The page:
جامعة النجاح الوطنية
An-Najah National University

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By: Jamie Doglas

Reflecting on my time spent at An-Najah National University and Palestine is almost ‎impossible. Not because the itinerary wasn't full (it was, and then some more) and not ‎because the people I met were not memorable (there are faces, names, students, volunteers ‎and moments I'll never forget) but because the experiences of one day affected the ‎conclusions I had made the day before.


It's difficult to write about something when your ‎understanding of it changes so regularly. It's even more difficult when these experiences no ‎longer exist in the abstract.‎

More than 20 internationals volunteered in the Camp through more than 160 training ‎workshops that were dedicated to training the students on a wide spectrum of fields including: ‎English conversation skills, public speaking skills, communication skills and capacity building. ‎More than 300 students benefited from the Camp and the training it offered; the students ‎described the experience as both rich and fun and that it helped them acquire new skills that ‎developed their competency and made them better prepared to join the work field.‎

The internationals who participated in the Camp represented a wide range of nationalities and ‎universities including: The University of Cambridge in the UK, University of Edinburgh in ‎Scotland, University of Liverpool in the UK, the University of West Scotland in Scotland, ‎University of Amsterdam in the Netherlands, University of Vienna in Austria, the University of ‎Lisbon in Portugal, Kyoto University in Japan, University of East Anglia in the UK, Hambold ‎University in Berlin, University of Manchester in the UK, University of Seville in Spain, ‎University of Bristol in the UK, University of Central Lancashire in the UK, Drexel University in ‎the US, Georgetown University in the US and Coventry University in the UK.‎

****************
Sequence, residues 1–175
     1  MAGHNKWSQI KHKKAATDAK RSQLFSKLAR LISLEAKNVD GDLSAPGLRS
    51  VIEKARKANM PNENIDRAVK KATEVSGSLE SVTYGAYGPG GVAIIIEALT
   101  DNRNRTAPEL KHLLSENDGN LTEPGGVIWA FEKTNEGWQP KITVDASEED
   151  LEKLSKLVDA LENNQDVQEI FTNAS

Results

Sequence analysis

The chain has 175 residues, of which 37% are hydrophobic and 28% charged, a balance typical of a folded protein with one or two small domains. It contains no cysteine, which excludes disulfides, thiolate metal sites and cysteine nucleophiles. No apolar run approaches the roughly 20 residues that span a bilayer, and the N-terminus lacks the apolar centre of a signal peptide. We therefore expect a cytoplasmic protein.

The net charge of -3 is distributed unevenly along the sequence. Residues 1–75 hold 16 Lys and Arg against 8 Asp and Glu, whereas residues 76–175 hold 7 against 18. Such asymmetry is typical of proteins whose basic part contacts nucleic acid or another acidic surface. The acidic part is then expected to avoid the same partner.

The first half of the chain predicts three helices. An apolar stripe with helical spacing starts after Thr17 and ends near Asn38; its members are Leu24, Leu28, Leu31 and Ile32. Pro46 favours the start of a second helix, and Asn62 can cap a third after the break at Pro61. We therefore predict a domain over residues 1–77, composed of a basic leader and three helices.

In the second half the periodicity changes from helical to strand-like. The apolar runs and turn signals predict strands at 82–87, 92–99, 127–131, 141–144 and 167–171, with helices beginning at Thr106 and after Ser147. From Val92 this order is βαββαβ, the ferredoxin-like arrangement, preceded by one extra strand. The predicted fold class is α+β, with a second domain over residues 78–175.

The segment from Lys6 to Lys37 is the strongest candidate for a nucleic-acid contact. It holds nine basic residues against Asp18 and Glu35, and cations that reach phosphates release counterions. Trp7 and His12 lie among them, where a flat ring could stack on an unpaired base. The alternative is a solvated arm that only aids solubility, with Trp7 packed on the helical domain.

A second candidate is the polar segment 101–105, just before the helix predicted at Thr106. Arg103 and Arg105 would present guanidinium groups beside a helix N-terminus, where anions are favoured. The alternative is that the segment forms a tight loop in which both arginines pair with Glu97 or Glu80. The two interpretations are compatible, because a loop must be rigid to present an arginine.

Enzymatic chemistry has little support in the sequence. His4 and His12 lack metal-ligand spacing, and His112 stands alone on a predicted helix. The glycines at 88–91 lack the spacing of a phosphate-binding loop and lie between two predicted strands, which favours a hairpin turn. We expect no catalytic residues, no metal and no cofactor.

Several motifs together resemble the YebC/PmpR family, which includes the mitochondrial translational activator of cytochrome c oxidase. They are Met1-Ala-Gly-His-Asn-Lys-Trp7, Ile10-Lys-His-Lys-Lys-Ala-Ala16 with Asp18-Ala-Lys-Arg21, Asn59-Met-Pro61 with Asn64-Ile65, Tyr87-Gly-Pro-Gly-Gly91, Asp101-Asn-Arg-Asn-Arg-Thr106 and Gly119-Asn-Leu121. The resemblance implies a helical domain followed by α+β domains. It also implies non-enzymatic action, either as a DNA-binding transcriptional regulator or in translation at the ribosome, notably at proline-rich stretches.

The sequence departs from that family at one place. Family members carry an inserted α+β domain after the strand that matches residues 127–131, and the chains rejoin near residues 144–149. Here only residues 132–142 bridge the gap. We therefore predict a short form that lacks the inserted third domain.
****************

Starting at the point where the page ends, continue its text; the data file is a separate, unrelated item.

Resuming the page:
Some things, like the standard of facilities and the level of multi-language skills at An-Najah will ‎make my university colleagues very jealous. Other things, like leaving behind a group of ‎friends at a check-point because Israeli 'security' decided no Palestinians enter that day make ‎me wonder how the earth can still turn on its axis.‎

It's difficult to write about something when your understanding of it changes so regularly. It's ‎even more difficult when experiences no longer exist in the abstract. "The Palestinian ‎Struggle" is not some ideological/political/cultural/religious conflict happening thousands of ‎miles away. It is my friend Ahmad not being able to travel to the UK to become an even better ‎dentist or to see the places I am desperate to show him. It is my friend Naser looking after his ‎parents, studying for his degree, and leading two international exchange camps at the same ‎time all so his fellow students know there is life outside the apartheid they live in.‎

‎ I will be going back to what is a comfortable life in Scotland. To a house that will only stop ‎being mine if someone buys it; to a car I can drive on any roads its wheels can touch; to a ‎university that will never be closed by the army in a town I will never have to complete a ‎mountain trek to get to. And to eight hours of sleep I never expect to be interrupted by rocket ‎fire.‎

Will I feel guilty about this when I go home? I expect so. Will I feel ill because these basic things ‎I had never given a second thought to are not certain for the people I learned and laughed ‎with? Every. Single. Day.‎


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